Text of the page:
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The following instructable shows how to make a blade honing kit. Honing is necessary to get razor-sharp edges on knives or tools. By following the next steps, you'll be able to make the compound as well as the strops.

Step 1: Grate

In this step, you will need to find some polishing compound blocks. These can be purchased at most home improvement stores. They are typically used with buffing wheels to give metals a mirror finish. Use a cheese grater to get fine shavings off the compound blocks. Work your way up from the finest (5) to the roughest (1) otherwise you will contaminate the finer compounds.

Step 2: Mix

In this step, mix each of the grated compounds with a bit of petroleum jelly. Usually petroleum jelly can be found in the pharmacy section of most stores. Exact precision does not matter, but a ratio of jelly to compound of 1:1 to 2:3 should suffice.

Step 3: Melt

In this step, you will need to melt the mixtures of petroleum jelly and grated compound. When the temperature is just high enough, the jelly and compound will both be liquid and mix. If the mixture starts smoking, the temperature is too high. When the mixture is liquid, you should let it cool so that it hardens but remains as a paste. If it gets too hard, more petroleum jelly is needed. When it has cooled down enough, it should be mixed so that it is uniform and stored in containers. Make sure to mark the containers appropriately.

Step 4: Strops

Find an old, wide, leather belt and sand both sides. Cut the belt into five segments and cut 1/4" thick wood segments of the same width and length as the belt segments.

Step 5: Oil Proof

In this step, you will need to oil-proof the top-face of the wooden pieces for application of boiled linseed oil and paste wax in the next step. Dextrin is a simple oil-proof compound that is water soluble. It is made by taking a starch and thermally decomposing it into dextrin. Normally, starch is not very soluble in room-temperature water, whereas dextrin is very soluble. To make the dextrin take corn starch (takes a long time to convert) or tapioca starch (takes a shorter time to convert) and heat it to 450 °F for 30 minutes to 2 hours. To shorten the conversion time, use a cookie sheet and make the starch layer very thin so that it heats quickly and evenly. Dissolve the dextrin in water until it becomes a watery syrup. Paint 3-4 layers of this syrup onto the top-face of wooden pieces. Specifically, the top-face is the area to which the leather belt segment will adhere. Let it dry before going to the next step.

Step 6: Finish

Apply a layer of boiled linseed oil to each wood segment and heat the segments to 300 °F inside an oven. This will cause the boiled linseed oil to partially cure. While still hot, remove the segments, wipe them, and repeat 2-3 more times. After the last time, let the wood cool. Apply paste wax so that the wood is no longer sticky. Dissolve the dextrin layer to expose the top-face by placing the wood in water. Use a scour pad to quicken the process. When done, wipe and let the wood dry over a few hours.

SAFETY: Do not throw away any towels or rags with boiled linseed oil. Doing so is a known fire hazard and could spontaneously catch fire, especially in elevated temperatures. Instead, soak them in water and throw them away in a sealed container with water.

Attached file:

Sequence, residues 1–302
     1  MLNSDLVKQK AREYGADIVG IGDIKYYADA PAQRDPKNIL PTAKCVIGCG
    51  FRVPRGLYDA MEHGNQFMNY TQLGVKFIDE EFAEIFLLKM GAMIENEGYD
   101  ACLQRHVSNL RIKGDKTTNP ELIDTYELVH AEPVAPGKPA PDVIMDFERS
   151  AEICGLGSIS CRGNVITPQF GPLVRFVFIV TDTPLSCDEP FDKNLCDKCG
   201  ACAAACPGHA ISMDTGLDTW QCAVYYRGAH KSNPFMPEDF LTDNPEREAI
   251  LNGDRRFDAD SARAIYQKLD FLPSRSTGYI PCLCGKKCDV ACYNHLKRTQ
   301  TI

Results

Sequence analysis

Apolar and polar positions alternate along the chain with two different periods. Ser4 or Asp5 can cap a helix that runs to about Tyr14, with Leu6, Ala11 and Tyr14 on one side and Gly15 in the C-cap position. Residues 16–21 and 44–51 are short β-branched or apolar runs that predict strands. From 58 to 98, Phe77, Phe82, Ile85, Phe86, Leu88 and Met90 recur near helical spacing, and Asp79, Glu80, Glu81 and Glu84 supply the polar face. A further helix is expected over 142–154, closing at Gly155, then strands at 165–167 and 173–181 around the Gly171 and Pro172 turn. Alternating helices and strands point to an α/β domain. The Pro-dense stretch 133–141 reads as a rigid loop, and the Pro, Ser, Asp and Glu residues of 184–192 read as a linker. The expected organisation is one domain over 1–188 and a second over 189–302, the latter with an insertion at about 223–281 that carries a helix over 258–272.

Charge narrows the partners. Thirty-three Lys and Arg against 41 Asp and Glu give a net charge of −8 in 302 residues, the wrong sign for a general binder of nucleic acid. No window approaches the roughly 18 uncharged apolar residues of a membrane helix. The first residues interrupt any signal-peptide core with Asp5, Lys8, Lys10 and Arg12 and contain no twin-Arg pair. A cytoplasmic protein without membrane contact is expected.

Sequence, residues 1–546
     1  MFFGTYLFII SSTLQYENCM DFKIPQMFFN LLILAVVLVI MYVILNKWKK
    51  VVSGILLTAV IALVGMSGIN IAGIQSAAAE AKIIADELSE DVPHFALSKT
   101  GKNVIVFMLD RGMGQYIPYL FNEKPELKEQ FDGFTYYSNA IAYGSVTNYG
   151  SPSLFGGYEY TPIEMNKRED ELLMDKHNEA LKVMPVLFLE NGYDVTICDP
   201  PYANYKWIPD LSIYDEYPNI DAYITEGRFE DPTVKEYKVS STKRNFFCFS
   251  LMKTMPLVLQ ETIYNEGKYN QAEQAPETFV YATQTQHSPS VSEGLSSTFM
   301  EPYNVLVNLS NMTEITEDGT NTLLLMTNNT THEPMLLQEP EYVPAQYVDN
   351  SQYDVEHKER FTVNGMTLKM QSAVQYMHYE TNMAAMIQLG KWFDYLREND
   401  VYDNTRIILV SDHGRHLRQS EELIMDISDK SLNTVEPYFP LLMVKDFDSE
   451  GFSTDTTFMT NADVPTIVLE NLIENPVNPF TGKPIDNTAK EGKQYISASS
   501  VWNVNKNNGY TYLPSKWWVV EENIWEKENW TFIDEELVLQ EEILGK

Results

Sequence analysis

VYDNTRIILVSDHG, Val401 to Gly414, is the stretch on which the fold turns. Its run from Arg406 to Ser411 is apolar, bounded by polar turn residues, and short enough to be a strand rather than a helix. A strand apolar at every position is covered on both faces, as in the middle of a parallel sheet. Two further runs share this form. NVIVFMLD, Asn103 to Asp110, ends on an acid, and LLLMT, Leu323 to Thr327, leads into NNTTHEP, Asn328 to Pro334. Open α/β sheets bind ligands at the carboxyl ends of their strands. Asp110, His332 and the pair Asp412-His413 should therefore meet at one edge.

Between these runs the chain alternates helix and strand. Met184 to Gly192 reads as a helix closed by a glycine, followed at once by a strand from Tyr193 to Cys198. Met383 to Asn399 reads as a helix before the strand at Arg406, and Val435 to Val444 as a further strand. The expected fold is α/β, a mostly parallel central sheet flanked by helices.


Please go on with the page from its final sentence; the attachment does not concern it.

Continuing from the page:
Step 7: Mark

In this step, mark the wood segments 1 to 5 with brass screws. Create two templates to to assist you.

Step 8: Join

In this step, join the wood and belt segments together. First, sand the top-face of the wood. Apply contact cement to the sanded top-face and to the rougher face of the belt segments. Wait 10 minutes for the glue to dry before sticking the two pieces together, contact cement is unusual in that it needs to dry before it is joined. Use a rolling pin for firm adhesion between the belt and wood.

Step 9: Load & Use

You can now use the strops with the compound. To do so, load a thin layer of compound onto each strop. If there is too much friction while honing, you may need to reload the strop with more compound. Read GaroP's instructable for an introduction to stropping. Remember to start with the coarse compound (1) and step through to the fine compound (5). In between, remember to wipe the knife or tool edge so that you do not contaminate the finer strops with coarse compound.

Another way to use the compound is with a flat surface such as a granite tile or piece of glass. Apply compound to a strip of kraft paper (lunch bag paper) and use it as a strop. You can tape the edges of the kraft paper to the flat surface to make the stropping process easier.

Nice thank you
<p>It's funny how one can forget where one is typing. </p><p>So, anyway, this is a very nice guide. I hope you shared it on some woodworking forums, too!</p>
<p>After I soak rags with BLO for awhile, I spread them in the yard until they're bone stiff and then trash them.</p><p>I use granite countertop cuttoffs from a (very busy) local place that doesn't mind people taking what they want out of the dumpster. If there are places around you that do their fabrication in-house, you might stop in an visit the shop area to ask.</p><p>I generally use that 3M's #77 or #90 spray adhesives instead of contact adhesive since my substrate is permanent.</p>
<p>Nicely done.</p><p>Thanks.</p>

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Bio: I'm an Engineer. I like hiking, flea markets, and electronics.
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